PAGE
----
Video & interview from Ink’n'Undies
Take a minute to think about the underwear you have on. Think about all it’s done for you, those endless wash cycles and bean burritos. Very few people will see your underwear (unless you are of the mall-crawling crowd that belts up around the lower thigh, in which case you might be considered an underwear activist here), but for one particular group of people, the challenge goes beyond ‘boxers or briefs.’
When Helen Huang told her friends and relatives about starting a non-profit to provide underwear — just underwear — to the homeless, they mostly laughed. When she bought the idea to homeless shelters, they said please.
“It’s not just what you see,” Huang says regarding homelessness. To people struggling to pick themselves up, getting a bra that fits is just as much a hurdle as having an address to fill in on job applications. Women who escape domestic violence situations often don’t have time to pack their underwear. Then there are the babies. “Can I just talk about the homeless babies?” She pipes up during our interview. “Homeless children need new diapers, and pull-ups to be toilet-trained.”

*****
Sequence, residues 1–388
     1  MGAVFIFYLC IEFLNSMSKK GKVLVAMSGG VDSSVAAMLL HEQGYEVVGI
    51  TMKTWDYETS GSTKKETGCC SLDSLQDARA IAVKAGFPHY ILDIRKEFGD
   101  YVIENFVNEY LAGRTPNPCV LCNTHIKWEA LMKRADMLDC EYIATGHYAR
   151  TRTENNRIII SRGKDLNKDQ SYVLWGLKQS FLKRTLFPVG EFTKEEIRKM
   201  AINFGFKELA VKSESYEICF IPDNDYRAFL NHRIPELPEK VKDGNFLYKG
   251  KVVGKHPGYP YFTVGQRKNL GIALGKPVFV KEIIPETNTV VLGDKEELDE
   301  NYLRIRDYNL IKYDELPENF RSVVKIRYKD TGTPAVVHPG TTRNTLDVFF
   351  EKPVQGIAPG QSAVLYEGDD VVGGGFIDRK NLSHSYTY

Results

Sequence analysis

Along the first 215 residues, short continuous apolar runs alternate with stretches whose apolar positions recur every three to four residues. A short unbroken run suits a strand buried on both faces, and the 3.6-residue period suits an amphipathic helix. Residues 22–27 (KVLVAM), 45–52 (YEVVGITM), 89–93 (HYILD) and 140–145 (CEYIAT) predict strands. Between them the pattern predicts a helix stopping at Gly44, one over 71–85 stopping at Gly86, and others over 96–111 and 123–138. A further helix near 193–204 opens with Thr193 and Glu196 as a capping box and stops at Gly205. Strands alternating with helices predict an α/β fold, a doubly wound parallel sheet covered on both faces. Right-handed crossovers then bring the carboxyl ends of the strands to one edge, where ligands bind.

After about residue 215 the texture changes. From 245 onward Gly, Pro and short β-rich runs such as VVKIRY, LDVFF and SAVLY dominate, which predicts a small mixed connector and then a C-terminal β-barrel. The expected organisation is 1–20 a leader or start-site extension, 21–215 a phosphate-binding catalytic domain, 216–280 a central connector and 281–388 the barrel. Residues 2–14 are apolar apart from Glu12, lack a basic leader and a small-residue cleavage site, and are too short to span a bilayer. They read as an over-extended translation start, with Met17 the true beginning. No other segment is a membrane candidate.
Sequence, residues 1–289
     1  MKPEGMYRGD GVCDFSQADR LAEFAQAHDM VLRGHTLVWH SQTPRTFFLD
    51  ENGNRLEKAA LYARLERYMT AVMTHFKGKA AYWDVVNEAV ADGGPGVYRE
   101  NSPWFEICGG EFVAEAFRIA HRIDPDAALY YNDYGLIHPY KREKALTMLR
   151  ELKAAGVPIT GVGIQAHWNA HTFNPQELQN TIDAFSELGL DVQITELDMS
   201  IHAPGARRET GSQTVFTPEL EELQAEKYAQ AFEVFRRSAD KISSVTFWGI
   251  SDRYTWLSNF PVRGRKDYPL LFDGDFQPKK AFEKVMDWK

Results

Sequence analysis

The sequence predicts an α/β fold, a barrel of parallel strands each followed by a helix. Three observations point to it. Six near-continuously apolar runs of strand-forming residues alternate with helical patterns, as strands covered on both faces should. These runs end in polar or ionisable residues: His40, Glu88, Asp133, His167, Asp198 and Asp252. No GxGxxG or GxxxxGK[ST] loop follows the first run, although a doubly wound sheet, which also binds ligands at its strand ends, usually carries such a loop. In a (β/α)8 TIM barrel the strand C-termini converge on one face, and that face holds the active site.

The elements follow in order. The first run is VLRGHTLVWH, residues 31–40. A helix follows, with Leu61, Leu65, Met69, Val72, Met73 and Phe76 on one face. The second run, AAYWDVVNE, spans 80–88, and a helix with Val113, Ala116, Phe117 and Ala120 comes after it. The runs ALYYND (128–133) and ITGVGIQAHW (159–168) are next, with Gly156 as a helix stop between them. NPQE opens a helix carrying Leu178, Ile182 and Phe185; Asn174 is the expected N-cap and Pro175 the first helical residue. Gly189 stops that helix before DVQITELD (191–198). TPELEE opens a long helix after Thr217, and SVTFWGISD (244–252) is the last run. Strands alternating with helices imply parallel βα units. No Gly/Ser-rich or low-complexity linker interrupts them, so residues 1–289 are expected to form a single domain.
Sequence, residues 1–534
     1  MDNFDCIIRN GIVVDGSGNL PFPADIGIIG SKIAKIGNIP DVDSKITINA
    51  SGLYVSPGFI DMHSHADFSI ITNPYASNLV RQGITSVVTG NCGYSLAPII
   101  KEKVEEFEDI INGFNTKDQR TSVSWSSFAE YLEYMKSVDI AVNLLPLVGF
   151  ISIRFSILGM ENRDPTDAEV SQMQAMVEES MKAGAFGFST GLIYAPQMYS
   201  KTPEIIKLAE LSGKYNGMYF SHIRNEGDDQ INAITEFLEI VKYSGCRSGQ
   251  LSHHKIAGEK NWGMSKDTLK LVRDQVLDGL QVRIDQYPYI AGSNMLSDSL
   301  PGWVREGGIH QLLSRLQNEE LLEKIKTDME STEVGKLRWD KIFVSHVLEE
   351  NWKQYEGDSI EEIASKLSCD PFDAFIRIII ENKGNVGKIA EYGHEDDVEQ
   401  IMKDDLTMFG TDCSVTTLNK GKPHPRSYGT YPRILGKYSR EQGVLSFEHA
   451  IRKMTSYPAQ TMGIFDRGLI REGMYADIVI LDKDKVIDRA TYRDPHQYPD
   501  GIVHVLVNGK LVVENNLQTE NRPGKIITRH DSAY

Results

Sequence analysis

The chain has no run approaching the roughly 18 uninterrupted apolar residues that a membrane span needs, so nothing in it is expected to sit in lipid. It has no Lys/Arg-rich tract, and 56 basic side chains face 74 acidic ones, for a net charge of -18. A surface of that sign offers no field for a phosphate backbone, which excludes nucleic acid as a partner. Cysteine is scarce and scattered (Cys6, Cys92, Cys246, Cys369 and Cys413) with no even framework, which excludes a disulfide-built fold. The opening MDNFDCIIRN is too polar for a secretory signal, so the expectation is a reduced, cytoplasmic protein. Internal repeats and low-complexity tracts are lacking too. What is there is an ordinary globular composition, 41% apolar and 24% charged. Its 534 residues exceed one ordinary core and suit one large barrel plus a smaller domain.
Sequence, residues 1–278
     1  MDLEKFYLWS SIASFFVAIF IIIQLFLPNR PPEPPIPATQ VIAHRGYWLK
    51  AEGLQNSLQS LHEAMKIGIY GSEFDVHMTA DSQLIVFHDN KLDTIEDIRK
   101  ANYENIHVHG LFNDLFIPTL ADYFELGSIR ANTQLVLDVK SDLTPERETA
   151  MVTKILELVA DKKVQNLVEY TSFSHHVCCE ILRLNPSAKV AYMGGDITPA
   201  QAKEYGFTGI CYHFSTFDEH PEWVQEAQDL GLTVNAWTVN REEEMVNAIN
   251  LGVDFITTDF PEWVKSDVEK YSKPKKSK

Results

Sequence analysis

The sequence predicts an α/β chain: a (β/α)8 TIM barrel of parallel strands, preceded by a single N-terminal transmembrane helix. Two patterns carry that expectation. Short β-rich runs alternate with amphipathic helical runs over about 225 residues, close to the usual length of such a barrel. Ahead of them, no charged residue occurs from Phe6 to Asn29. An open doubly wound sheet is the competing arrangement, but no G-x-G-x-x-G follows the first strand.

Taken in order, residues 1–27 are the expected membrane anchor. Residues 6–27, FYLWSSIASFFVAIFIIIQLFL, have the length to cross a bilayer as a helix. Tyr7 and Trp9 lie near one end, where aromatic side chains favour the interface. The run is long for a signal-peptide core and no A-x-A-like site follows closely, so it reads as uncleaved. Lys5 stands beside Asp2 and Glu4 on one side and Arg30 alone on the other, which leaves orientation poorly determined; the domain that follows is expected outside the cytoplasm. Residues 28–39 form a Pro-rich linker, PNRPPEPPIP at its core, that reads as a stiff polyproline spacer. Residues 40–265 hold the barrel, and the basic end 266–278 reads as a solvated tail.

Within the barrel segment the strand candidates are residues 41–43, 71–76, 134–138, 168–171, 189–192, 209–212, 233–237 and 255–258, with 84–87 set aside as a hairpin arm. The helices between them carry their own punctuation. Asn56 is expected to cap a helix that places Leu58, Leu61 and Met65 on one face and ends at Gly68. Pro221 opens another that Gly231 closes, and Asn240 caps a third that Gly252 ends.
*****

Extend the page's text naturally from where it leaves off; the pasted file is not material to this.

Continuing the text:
Any parent can attest to how crucial those are.
So with that, Huang founded Undershare, a 501(c)3 nonprofit that relies exclusively on volunteers and donations to provide underwear to the homeless and distressed. They do drop-offs (simple: they just drop underwear off) at Los Angeles homeless shelters and sent undergarments to Louisiana when Katrina landed. Their latest project also involved underwear, but with flair: a skivvy fashion show fundraiser at the Ecco Lounge. Modeled by the Suicide Girls, a punk-rock-flavored girls club that threw all body shapes, tattoos and piercings on a runway, Ink’n'Undies had drawn a full house before 9pm. Clothes, or underwear rather, were provided by Seven ’til Midnight.
Organizations like hers, Huang says, aren’t solving the problem of homelessness. “We’re lending compassion and dignity.” In the end, she’s just trying to get some money for new undergarments. “And the people who laughed at me at first,” she adds, “they’ve all come and donated underwear.”